HealthLawProf Blog

Editor: Katharine Van Tassel
Case Western Reserve University School of Law

Friday, August 14, 2020

Can Electronic Health Records be Saved?

Craig Konnoth (University of Colorado), Gabriel Scheffler (University of Miami), Can Electronic Health Records be Saved? J. L. & Med (2020, Forthcoming):

Politicians and policymakers have long dreamed of creating a national system of electronic health records (EHRs) that would radically transform the delivery of health care. The theoretical advantages of EHRs are tantalizing: among other things, they could reduce medical errors, improve care coordination, limit duplicative testing, and help uncover new public health strategies.

Over the past decade, the United States health care system has made progress toward realizing this vision. Until relatively recently, patients’ medical histories were typically transcribed on physical notepads and stored in filing cabinets, which were often difficult for providers and patients to access or understand. Today, by contrast, the vast majority of health care providers utilize EHRs, a sea change that is largely attributable to federal policy.

Since this transition, there have been occasional glimpses of the benefits of EHRs. For instance, the pediatrician who brought the water crisis in Flint, Michigan to public attention did so by utilizing data from EHRs. The data from EHRs led to discovery of abuses of adolescent inmates at Rikers Island, and helped to form the basis for a Department of Justice civil rights investigation.

Nevertheless, today, despite billions of dollars in investments, thousands of pages of regulations, and countless hours spent implementing and adapting to new technology and requirements, EHRs have failed to live up to their promise. Studies exploring the impacts of EHRs have had mixed results, at most finding modest incremental improvements. At the same time, glitches in EHR software and user errors have led to a rash of reported medical errors and even several patient deaths. EHRs have also created onerous administrative burdens for health care providers, which interfere with patient care and have increased rates of burnout among clinicians. President Obama himself specifically cited EHRs as the main disappointment of his administration’s health care policy, saying, “[w]e put a big slug of money to encouraging everyone to digitalize … [a]nd it’s proven to be harder than we expected.”

Perhaps the most important way in which EHRs have failed to live up to their promise is that they are not “interoperable”: they cannot be easily exchanged across systems. Many of the theoretical benefits of EHRs depend on their being interoperable. For instance, an interoperable EHR system could reduce medical errors by enabling emergency room doctors admitting an unconscious patient to quickly look up the patient’s medical history and current medications. It could increase care coordination by allowing multiple providers working in different health systems, yet caring for a single patient, to share notes and records. This would be especially beneficial for economically disadvantaged patients, whose care tends to be fragmented across multiple providers. These advantages rely on being able to easily exchange data across health systems.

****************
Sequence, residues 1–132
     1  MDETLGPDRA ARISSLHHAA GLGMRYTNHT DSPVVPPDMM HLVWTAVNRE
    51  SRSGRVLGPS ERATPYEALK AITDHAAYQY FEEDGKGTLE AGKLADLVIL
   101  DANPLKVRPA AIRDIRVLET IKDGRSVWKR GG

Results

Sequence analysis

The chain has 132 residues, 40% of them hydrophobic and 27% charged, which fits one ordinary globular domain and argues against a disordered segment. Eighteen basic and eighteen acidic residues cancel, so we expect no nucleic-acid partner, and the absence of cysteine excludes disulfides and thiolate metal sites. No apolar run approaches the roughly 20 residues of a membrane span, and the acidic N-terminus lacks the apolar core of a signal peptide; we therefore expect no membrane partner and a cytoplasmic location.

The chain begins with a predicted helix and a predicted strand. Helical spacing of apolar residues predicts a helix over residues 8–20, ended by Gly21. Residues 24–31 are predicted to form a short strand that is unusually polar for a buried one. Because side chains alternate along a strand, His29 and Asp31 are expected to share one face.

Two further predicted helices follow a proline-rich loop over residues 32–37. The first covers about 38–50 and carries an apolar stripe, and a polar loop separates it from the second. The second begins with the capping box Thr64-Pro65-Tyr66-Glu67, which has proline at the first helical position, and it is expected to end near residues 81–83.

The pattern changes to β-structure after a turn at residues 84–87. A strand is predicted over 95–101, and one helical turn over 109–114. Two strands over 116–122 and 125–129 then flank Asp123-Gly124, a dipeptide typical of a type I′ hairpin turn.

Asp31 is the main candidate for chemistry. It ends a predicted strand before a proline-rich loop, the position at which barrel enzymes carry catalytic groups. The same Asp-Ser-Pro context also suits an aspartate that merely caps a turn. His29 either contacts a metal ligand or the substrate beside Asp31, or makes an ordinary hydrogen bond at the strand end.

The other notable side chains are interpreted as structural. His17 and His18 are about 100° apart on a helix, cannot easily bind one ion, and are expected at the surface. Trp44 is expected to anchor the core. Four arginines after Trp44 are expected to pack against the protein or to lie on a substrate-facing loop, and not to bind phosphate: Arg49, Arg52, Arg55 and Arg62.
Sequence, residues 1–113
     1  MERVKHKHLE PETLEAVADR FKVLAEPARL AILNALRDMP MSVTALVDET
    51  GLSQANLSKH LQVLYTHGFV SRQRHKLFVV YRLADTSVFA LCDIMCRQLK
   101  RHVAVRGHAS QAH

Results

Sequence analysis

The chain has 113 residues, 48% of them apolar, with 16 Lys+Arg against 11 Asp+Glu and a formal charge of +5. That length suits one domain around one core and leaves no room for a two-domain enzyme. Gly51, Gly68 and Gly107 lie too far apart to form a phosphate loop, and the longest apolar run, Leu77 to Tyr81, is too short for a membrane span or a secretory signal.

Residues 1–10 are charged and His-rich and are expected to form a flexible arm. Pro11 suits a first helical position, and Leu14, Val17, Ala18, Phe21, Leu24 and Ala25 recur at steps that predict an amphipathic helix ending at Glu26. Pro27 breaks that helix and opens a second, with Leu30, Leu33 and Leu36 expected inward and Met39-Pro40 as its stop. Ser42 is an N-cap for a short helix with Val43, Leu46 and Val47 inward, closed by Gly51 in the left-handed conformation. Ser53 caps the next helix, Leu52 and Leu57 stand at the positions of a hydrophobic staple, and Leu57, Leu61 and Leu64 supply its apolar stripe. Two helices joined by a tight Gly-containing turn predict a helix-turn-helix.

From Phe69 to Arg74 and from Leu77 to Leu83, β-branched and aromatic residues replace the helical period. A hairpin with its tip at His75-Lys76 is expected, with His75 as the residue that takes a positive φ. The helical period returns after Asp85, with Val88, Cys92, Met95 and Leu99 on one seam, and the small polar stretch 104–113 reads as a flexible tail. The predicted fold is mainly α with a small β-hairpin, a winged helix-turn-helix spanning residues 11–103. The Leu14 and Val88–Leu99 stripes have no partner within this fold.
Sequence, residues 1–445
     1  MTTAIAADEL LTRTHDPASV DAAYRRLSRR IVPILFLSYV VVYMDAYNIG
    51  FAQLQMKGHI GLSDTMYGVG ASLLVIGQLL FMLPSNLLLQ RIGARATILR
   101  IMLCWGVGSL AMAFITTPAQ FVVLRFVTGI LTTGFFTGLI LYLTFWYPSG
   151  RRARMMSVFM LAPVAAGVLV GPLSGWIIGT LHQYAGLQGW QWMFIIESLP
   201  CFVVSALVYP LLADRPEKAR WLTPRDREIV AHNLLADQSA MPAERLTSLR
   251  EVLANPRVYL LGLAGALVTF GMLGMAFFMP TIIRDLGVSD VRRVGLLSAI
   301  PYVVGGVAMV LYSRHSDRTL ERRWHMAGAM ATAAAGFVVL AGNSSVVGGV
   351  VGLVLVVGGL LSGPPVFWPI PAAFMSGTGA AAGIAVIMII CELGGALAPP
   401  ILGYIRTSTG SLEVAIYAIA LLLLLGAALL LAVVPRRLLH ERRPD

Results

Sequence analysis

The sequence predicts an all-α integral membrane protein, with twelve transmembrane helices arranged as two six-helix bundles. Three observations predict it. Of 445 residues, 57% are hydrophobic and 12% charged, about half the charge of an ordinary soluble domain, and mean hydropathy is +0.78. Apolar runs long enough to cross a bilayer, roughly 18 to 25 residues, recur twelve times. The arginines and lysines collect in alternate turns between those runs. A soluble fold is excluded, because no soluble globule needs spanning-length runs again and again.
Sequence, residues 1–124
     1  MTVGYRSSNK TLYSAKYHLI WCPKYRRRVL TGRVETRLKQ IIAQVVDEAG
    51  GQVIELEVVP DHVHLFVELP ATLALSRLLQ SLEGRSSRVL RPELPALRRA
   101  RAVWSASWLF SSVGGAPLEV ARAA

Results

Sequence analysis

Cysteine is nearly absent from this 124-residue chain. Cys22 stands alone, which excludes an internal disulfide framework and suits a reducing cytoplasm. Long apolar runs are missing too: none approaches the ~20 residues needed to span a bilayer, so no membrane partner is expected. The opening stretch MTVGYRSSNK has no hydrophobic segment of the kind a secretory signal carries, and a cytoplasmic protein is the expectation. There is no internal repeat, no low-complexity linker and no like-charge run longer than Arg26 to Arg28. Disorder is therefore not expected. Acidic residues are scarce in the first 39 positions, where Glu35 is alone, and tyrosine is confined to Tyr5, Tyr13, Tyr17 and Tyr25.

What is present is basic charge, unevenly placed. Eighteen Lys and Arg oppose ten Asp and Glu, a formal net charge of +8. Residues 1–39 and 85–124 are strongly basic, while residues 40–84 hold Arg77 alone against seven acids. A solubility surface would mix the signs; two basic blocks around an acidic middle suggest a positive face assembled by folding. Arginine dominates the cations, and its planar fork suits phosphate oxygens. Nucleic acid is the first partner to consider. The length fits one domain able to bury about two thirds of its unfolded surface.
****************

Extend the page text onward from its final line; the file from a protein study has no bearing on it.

Without interoperability, many of the benefits of EHRs cannot be realized. Thus, even though the majority of health care providers now utilize EHRs, patients’ health information is still siloed within individual health systems or within specific types of EHR technology. Instead of being stuck in physical filing cabinets, patients’ health records are now often stuck in electronic ones.

Although there are both technical and regulatory barriers to interoperability, conflicting financial incentives arguably pose the greatest challenge. EHR vendors and health care systems have little to gain—and much to lose—by making EHRs interoperable. Until quite recently, however, both Congress and federal regulators had done little to directly address this incentive problem.

This article explores why, despite tremendous investment by both the public and private sectors over many years, we still do not have an interoperable EHR system, and whether the promise of EHRs can still be salvaged. Part I describes the barriers to ensuring interoperability, focusing on health care organizations’ conflicting incentives. Part II reviews the history of federal efforts to promote EHRs and explores why they failed to achieve interoperability. Part III discusses recently proposed regulations designed to address this problem, what they accomplish, and some areas of concern.

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